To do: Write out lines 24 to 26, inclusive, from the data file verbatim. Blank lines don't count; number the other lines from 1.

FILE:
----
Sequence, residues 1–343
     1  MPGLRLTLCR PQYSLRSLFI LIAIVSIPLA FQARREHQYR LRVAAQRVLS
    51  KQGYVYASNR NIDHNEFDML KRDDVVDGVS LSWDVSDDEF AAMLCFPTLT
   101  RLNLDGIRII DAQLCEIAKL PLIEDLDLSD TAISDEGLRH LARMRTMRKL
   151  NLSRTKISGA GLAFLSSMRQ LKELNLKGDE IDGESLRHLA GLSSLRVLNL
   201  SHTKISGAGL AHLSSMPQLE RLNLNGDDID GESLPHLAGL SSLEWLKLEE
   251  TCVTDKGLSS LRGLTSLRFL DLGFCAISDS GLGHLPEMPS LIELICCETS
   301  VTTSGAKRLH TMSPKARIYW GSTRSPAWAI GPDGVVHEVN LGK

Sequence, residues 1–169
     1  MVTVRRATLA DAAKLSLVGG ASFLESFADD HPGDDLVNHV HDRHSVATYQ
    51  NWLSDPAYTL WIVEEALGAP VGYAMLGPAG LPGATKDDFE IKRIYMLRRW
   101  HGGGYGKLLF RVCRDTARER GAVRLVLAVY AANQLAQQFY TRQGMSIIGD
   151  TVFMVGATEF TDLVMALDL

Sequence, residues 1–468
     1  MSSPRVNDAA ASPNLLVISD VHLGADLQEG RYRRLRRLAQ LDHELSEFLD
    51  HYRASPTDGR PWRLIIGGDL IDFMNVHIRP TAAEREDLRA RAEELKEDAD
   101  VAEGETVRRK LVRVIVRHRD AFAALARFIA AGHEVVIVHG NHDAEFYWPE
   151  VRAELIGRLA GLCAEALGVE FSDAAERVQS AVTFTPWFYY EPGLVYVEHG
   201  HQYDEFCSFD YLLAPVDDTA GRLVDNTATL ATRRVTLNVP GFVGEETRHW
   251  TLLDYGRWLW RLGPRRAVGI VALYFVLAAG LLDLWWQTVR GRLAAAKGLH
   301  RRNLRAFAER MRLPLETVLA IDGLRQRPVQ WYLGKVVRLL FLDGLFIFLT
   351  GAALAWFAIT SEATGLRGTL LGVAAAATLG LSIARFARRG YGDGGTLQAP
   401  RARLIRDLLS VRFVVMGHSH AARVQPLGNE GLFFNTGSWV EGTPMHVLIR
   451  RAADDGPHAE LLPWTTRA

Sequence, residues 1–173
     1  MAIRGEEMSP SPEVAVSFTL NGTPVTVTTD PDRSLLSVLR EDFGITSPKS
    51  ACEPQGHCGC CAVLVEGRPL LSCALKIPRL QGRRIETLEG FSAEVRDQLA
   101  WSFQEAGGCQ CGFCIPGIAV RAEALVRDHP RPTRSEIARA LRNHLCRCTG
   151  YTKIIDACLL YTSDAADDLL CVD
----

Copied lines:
   451  RAADDGPHAE LLPWTTRA

Sequence, residues 1–173
     1  MAIRGEEMSP SPEVAVSFTL NGTPVTVTTD PDRSLLSVLR EDFGITSPKS